Television

The Road To Digital HDTV Signals Is Paved With Discrete Stubble

Josh Holloway of 'Lost'

Josh Holloway If you were watching him on Lost right now, you'd be distracted by trying to count individual beard hairs. Trust me. ABC hide caption

itoggle caption ABC

So today is digital switchover day, when local stations will shut off their analog signals, leaving those who get over-the-air broadcasts either (1) in really bad shape, if they don't have digital receivers; (2) in intermediate shape, if they have digital receivers and so-so signals in their area; or (3) much better off, if they get good reception of digital signals and will now get cable-quality reception through their rabbit ears.

But in addition to the end of analog, this transition could potentially mean a lot more people watching in high-definition, because some of those new digital broadcast signals are in HD. As someone who only relatively recently got a decent-sized HDTV, I look forward to seeing some other (relative) newbies experiencing The Summer Of Stubble.

Once you start looking at high-definition television (and you know this if you're used to it), you realize that people on screen have been, relatively speaking, vague blobs of flesh-colored light until now. I've been watching the first season of Lost on BluRay (more on this next week), and I'm here to tell you, I have seen some stubble. Some close-up, jump-off-the-screen, highly attenuated stubble.

It's no wonder that there is now special "HDTV makeup" for people who are going to be seen on high-definition television, because it is no joke that it is unbelievably unforgiving. It is spurned-lover unforgiving. It is embittered-relative unforgiving.

Eyebrow hairs, facial injuries, and more things that look crazy terrifying in HD, after the jump...

Don't get me wrong — it's fantastic to watch. I've seen the opening shot of Lost many times, but I've never been immediately driven to gasp at the shrinking pupil (see it at about the fifteen-second mark here) the way I was on this viewing.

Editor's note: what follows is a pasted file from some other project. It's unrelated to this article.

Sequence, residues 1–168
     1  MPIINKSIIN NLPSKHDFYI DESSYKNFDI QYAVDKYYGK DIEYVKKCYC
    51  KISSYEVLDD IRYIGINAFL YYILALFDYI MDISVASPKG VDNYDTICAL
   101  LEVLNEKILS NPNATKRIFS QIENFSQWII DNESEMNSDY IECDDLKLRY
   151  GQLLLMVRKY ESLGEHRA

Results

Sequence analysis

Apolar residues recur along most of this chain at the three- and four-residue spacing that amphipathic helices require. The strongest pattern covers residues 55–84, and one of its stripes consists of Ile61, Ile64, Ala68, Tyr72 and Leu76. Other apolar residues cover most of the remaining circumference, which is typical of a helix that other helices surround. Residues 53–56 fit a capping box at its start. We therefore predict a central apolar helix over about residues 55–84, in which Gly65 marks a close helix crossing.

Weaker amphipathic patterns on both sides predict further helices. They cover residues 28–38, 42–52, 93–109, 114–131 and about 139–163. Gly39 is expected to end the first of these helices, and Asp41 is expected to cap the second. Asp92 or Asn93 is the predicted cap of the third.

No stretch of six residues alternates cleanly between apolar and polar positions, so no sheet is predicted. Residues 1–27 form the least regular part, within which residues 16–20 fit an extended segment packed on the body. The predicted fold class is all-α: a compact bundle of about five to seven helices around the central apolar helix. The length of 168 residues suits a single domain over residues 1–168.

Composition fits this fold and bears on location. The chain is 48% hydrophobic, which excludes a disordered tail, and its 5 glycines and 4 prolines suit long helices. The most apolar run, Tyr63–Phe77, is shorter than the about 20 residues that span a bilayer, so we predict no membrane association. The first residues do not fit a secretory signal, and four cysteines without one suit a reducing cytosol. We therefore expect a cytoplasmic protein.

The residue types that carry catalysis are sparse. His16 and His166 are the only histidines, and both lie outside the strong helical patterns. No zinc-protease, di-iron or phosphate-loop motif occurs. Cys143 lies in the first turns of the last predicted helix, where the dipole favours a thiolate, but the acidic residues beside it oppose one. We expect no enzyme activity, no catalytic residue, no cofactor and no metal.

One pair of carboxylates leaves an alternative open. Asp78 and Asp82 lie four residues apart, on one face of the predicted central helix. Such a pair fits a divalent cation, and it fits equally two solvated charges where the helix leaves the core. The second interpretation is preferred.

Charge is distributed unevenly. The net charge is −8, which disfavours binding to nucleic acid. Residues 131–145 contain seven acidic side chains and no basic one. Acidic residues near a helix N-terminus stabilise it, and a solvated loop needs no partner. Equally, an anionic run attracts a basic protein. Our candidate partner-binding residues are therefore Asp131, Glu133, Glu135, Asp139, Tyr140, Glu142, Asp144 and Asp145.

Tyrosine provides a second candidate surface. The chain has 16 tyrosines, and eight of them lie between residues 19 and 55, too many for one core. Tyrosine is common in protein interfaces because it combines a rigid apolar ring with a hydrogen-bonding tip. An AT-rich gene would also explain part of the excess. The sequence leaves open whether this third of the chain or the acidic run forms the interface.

But here, in random order, I present five things about high-definition television that may very well freak you right out. So if it's relatively new to you, be ready.

1. Pores. Prepare to count them. They're everywhere. Seriously, they will leave you prepared for a horror movie called Pore, starring a monster called The Pore, followed by the sequels Pore 2 and Even Pore.

2. Eyebrow hairs. In standard definition, an imperfectly plucked eyebrow looks very much like an ordinary eyebrow. It is a solid object. You will not take note of an individual hair. In HD, an imperfectly plucked eyebrow looks like a giant ship that has left behind one passenger, who is now following it everywhere it goes, swimming wildly but never quite able to catch up.

3. Sheen. Not Charlie Sheen or Martin Sheen. Just sheen. The sheen of whatever precise skin texture has been chosen for the scene. Watching light dance upon the cheek of a sweaty person in HD is like watching a lava lamp. You can't...stop...staring.

4. Crow's feet. I actually mean this as a good thing. You will never again worry about wrinkles on your own face once you have HD. Because it serves as a great reminder that every face — every beautiful, idealized face — has crow's feet, to some degree.

5. Injuries. One of the problems with being able to see everything more clearly is that faking injuries seems to have gotten much harder. In standard definition, a little smudge here and there looks realistic. In HD, there is a large and obvious difference between I Got In A Fight and I Fell In The Ketchup.

So here is where I ask for your thoughts: How do you feel about the big new world of HD? The wrinkles, crinkles, stubble, makeup, and sharp picture? It's going more and more mainstream; you most often hear about all this in the context of things like red-carpet coverage — are we just going to see more and more specialized makeup, or is it inevitable that this is going to give a more realistic picture of what people look like?

Comments

 

Please keep your community civil. All comments must follow the NPR.org Community rules and Terms of Use. NPR reserves the right to use the comments we receive, in whole or in part, and to use the commenter's name and location, in any medium. See also the Terms of Use, Privacy Policy and Community FAQ.